Monday Medical: Physical therapy for hand and wrist arthritis

Susan Cunningham
For Steamboat Pilot & Today

Editor’s Note: This story is Part 3 of a 3-part series on treating arthritis in the hands and wrists. Part 1 focuses on medical treatments, and Part 2 focuses on surgical options.

When dealing with arthritis in the hand and wrist, Emily Tjosvold, a certified hand therapist with UCHealth SportsMed Clinic in Steamboat Springs, likes to build a “toolkit” for patients.

“When patients get to us, we try to provide them with this idea of a toolkit,” Tjosvold said. “Arthritis isn’t something that’s going to go away, so we try to provide them with ways to manage pain and stabilize joints so they can return back to normal, or as normal-as-possible activity, but protect joints for long-term use.”

Modify regular activity

Joint protection is an important part of managing arthritis and can help patients prolong joint function.

Tjosvold teaches techniques to reduce stress from everyday movements such as pinching and grabbing.

“There are lots of joint protection techniques for activities such as kitchen tasks, garden and yard work, and getting dressed, that can offload some of those painful pinches,” Tjosvold said. “These techniques sound simple, but when you start adding them to your day, they make a big difference in helping to reduce joint pain.”

For instance, if you carry a heavy purse, wearing it on a strap across your body instead of holding it with your hand puts the load on larger joints instead of the smaller hand joints.

Building up a handle on a spoon means you can use a looser grip and don’t have to squeeze the utensil as hard, while using adaptive scissors that open for you can reduce the effort needed to cut.

Wear a splint

Wearing a splint can provide support and take pressure off the arthritic joint while people go about regular tasks. Tjosvold recommends having a custom splint made, as they’re lower profile and can be customized for use with activities such as skiing and biking.

“A cumbersome splint is a splint that sits on the counter,” Tjosvold said.

Ease pain with heat and strength

Tjosvold encourages patients to use heat to reduce arthritis pain at home, and during a physical therapy session, she may use manual therapy and cold laser treatment to help reduce pain.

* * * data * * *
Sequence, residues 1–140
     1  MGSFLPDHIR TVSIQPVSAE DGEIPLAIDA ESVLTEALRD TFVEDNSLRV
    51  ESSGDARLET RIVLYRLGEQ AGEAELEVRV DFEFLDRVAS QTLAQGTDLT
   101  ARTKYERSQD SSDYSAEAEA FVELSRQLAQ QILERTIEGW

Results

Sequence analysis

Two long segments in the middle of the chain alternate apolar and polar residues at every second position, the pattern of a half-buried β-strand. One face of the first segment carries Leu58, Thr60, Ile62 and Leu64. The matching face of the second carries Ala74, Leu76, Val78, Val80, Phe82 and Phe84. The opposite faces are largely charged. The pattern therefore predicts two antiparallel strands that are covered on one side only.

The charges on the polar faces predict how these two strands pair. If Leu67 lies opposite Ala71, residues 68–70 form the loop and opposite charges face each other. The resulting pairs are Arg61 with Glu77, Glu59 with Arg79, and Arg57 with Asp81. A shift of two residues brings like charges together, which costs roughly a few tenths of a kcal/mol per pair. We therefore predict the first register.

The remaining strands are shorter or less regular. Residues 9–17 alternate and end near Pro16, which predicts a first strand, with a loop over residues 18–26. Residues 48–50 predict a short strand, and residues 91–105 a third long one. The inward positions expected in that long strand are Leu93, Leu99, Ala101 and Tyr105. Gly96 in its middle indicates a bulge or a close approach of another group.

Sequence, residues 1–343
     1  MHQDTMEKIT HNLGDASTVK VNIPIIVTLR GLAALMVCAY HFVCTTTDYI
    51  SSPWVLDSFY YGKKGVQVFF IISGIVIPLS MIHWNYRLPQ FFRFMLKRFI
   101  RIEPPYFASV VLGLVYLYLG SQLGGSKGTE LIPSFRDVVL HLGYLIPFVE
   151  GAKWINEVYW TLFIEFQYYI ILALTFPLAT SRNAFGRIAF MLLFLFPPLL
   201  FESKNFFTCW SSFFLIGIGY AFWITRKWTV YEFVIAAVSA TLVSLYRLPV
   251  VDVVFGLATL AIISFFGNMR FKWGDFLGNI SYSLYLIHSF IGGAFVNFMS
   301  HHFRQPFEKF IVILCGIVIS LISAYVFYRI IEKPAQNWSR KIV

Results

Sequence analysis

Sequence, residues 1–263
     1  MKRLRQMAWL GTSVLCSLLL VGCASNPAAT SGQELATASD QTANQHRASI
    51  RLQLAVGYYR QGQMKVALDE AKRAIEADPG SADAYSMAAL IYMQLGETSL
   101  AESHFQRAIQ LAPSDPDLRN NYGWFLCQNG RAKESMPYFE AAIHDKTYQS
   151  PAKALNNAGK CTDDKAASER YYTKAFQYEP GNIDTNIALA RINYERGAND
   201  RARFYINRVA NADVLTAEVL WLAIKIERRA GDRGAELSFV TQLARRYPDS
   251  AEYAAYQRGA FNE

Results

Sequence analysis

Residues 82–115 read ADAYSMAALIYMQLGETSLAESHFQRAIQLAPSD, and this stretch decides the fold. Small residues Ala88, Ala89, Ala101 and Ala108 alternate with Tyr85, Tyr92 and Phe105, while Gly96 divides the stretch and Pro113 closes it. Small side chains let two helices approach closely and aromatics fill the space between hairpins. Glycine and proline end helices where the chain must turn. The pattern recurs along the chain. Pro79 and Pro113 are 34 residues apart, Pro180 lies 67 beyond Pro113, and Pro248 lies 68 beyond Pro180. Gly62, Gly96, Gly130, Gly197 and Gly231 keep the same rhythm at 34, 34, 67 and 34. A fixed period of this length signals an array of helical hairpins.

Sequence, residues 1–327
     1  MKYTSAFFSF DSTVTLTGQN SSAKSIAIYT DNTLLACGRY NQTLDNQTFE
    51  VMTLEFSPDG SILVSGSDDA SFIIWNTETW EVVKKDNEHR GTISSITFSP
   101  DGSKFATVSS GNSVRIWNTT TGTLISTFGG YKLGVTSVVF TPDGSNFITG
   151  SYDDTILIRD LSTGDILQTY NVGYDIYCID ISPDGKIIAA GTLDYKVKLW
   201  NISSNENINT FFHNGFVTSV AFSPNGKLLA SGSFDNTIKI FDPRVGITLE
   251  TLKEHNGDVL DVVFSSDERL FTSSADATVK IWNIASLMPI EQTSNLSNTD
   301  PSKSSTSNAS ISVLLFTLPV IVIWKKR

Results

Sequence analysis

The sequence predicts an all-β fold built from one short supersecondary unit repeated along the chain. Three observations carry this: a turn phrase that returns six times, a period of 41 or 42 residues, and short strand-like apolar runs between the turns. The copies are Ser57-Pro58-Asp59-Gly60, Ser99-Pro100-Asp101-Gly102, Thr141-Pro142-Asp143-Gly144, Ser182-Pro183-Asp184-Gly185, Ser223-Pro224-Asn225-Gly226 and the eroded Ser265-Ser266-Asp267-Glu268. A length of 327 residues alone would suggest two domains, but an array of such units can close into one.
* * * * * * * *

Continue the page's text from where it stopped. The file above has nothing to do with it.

Exercises to stabilize muscles around the joints can also help ease joint pain.

“Increasing strength around the base of the index finger can increase stability at the thumb joint,” Tjosvold said. “If we can direct some therapy at the tiny muscles in your hands and strengthen those without squeezing the joint, we can stabilize the joint and decrease pain.”

In some cases, stretching may be helpful as arthritis can decrease muscle length.

Maintain your program

Most patients have hand therapy once a week for six weeks, which provides time for education, splinting, exercises and treatments. Some people see Tjosvold once a year for maintenance visits to review their current program and make changes as needed.

Working with a hand therapist may help decrease pain significantly, but sometimes surgery is still needed.

“If we can protect the joint a little and bring the pain down a little, you may be able to live with the amount of pain you have without further intervention,” Tjosvold said. “Some people use joint protection and never have surgery, but some still have to do surgery right away – it’s very patient specific.”

For patients who do have surgery, hand therapy is a critical part of regaining motion and strength.

While hand therapy has different results for everyone, many people see a positive impact.

“There are a lot of people who are really happy after the therapy and will say that they’re going to work on their program for a long time,” Tjosvold said.

It’s helpful for people with arthritis to work closely with a rheumatologist, an orthopedist and a hand therapist.

“It’s important to see the whole team, as we all see the disease from different perspectives,” Tjosvold said. “Everyone supports each other in providing the best treatment for arthritis.”

Susan Cunningham writes for UCHealth Yampa Valley Medical Center. She can be reached at

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